__Hierarchical and k-Means Clustering__

Hierarchical ClusteringHierarchical clustering starts by treating each observation as a separate cluster. Then, it repeatedly executes the following two steps:

Any of the 5 discussed measures to calculate the distance between a pair of clusters can be used in hierarchical clustering.

Hierarchical clustering can be represented by a 2-D diagram called dendrogram. This diagram has the form of an inverted tree.

Horizontal axis: observations

Vertical axis: distance

The length of the branches represented by the vertical lines indicate the distance between the two clusters that are merging. The diagram is read from the bottom to the top by sweeping a horizontal line across the entire tree.

- Identify the two clusters that are closest together
- Merge the two most similar clusters

Any of the 5 discussed measures to calculate the distance between a pair of clusters can be used in hierarchical clustering.

Hierarchical clustering can be represented by a 2-D diagram called dendrogram. This diagram has the form of an inverted tree.

Horizontal axis: observations

Vertical axis: distance

The length of the branches represented by the vertical lines indicate the distance between the two clusters that are merging. The diagram is read from the bottom to the top by sweeping a horizontal line across the entire tree.

K-means clusteringThe overall idea is to assign objects to the nearest cluster. Where distance is measured from the object to the centroid of the cluster. The value of k indicates the number of clusters.

K-mean clustering is also scalable, meaning that it can deal with very large datasets.

K-mean clustering is also scalable, meaning that it can deal with very large datasets.

**Step 1:**Selection of ‘k’ observations at the centroid of the initial clusters. This selection is somewhat arbitrary. The procedure works better if the initial centroids are as far apart as possible.**Step 2:**The rest of the observations are assigned to the closest centroid.**Step 3:**Once the assignment is completed, the cluster averages are recalculated. The centroid positions can change due to the recalculations and lead to a reassignment of the observations.**Step 4:**Steps 2 and 3 two steps are repeated until the centroids do not change.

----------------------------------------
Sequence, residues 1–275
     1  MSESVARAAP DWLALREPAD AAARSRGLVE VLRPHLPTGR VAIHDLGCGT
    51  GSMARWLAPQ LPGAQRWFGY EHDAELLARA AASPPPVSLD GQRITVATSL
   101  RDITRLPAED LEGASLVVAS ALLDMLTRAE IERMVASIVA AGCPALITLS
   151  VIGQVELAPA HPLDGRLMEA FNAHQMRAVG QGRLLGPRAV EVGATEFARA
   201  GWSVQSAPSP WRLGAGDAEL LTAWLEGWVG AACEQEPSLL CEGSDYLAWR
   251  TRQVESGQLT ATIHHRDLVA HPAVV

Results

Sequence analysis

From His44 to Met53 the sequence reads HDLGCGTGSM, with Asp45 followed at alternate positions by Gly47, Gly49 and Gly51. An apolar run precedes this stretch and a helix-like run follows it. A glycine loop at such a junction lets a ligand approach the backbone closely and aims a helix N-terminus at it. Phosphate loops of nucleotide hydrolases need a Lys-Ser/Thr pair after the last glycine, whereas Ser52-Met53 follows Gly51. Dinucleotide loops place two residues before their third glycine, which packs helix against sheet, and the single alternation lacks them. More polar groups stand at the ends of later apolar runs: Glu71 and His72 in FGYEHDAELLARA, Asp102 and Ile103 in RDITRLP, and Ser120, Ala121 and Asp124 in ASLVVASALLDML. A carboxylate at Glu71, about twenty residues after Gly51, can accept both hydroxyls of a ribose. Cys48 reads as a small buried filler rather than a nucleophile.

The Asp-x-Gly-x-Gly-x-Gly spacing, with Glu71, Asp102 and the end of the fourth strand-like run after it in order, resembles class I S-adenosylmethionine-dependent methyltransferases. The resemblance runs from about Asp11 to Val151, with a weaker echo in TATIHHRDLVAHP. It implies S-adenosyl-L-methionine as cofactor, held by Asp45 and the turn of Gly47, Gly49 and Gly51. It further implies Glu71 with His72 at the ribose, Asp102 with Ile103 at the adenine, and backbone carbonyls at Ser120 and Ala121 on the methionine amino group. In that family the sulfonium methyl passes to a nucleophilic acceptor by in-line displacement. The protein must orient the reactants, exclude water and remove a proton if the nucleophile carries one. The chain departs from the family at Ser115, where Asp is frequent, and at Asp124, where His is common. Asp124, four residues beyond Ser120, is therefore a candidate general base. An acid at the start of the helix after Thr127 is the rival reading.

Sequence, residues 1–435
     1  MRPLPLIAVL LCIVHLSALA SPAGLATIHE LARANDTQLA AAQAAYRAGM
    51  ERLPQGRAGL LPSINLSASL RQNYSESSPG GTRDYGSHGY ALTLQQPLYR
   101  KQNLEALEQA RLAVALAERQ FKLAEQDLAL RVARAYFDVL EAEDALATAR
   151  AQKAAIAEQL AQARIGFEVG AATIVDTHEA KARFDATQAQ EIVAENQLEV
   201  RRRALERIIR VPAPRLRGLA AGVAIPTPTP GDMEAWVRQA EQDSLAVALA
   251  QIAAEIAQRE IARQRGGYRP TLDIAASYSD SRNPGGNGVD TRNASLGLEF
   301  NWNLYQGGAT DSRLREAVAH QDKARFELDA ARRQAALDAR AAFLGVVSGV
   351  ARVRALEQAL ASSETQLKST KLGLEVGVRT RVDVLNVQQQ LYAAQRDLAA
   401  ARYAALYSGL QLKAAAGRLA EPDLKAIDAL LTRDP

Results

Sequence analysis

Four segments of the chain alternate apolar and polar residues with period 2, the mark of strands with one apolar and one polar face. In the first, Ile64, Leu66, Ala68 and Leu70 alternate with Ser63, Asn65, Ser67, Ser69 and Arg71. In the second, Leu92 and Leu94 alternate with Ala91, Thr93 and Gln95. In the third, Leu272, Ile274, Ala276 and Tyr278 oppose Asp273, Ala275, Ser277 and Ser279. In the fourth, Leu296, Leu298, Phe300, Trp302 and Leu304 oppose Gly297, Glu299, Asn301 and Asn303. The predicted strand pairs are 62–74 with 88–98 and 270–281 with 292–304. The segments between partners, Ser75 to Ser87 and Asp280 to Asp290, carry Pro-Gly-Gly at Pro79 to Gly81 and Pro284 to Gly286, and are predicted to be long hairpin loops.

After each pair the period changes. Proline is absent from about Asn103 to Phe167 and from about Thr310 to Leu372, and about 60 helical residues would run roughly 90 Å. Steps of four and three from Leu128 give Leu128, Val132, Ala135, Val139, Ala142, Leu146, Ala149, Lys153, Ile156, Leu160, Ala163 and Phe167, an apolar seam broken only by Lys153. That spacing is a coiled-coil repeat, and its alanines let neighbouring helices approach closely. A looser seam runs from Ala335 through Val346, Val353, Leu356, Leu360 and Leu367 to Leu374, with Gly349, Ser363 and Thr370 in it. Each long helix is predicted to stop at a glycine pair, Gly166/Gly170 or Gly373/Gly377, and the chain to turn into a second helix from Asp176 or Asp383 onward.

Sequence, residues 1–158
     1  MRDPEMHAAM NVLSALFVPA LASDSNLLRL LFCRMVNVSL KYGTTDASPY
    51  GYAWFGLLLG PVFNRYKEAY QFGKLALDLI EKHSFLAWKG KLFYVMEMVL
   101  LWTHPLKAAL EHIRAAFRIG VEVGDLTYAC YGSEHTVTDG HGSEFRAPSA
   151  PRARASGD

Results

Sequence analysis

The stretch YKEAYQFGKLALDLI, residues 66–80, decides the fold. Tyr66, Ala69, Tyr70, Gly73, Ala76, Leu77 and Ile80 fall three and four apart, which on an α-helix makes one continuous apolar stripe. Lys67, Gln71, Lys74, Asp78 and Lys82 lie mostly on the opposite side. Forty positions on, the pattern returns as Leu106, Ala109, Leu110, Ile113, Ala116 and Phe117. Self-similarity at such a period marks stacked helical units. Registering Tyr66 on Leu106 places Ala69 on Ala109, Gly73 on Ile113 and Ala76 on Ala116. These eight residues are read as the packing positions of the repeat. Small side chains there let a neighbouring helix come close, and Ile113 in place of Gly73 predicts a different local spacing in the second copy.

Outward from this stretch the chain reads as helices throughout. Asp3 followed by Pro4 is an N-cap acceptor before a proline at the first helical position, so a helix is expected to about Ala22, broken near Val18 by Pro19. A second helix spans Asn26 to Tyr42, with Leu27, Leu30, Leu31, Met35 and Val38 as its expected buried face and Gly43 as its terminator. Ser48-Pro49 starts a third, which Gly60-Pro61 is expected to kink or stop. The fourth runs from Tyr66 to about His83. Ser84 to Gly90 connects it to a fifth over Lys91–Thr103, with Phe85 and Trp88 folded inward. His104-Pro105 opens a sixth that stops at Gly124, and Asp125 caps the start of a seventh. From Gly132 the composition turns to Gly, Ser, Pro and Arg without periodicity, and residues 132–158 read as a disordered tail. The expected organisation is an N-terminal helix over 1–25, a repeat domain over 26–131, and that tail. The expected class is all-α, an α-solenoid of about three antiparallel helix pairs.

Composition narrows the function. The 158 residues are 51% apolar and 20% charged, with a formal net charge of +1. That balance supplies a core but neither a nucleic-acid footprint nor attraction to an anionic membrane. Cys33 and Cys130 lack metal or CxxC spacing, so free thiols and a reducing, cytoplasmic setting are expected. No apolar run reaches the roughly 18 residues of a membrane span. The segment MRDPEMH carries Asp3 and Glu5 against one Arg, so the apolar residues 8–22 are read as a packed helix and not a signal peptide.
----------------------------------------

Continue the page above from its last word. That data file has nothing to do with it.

Simple procedure

Final clusters depend on the initial choices – Hence, cluster analysis software gives you the option of running the procedure multiple times from seeds that are randomly chosen.

Both hierarchical clustering and K-means are procedures that find approximate solutions to the problem maximizing the similarity of the objects in each cluster. The maximization must take into consideration that there must be k clusters and that all objects must belong to one cluster and only one cluster.

**Pros:**Simple procedure

**Cons:**Final clusters depend on the initial choices – Hence, cluster analysis software gives you the option of running the procedure multiple times from seeds that are randomly chosen.

Both hierarchical clustering and K-means are procedures that find approximate solutions to the problem maximizing the similarity of the objects in each cluster. The maximization must take into consideration that there must be k clusters and that all objects must belong to one cluster and only one cluster.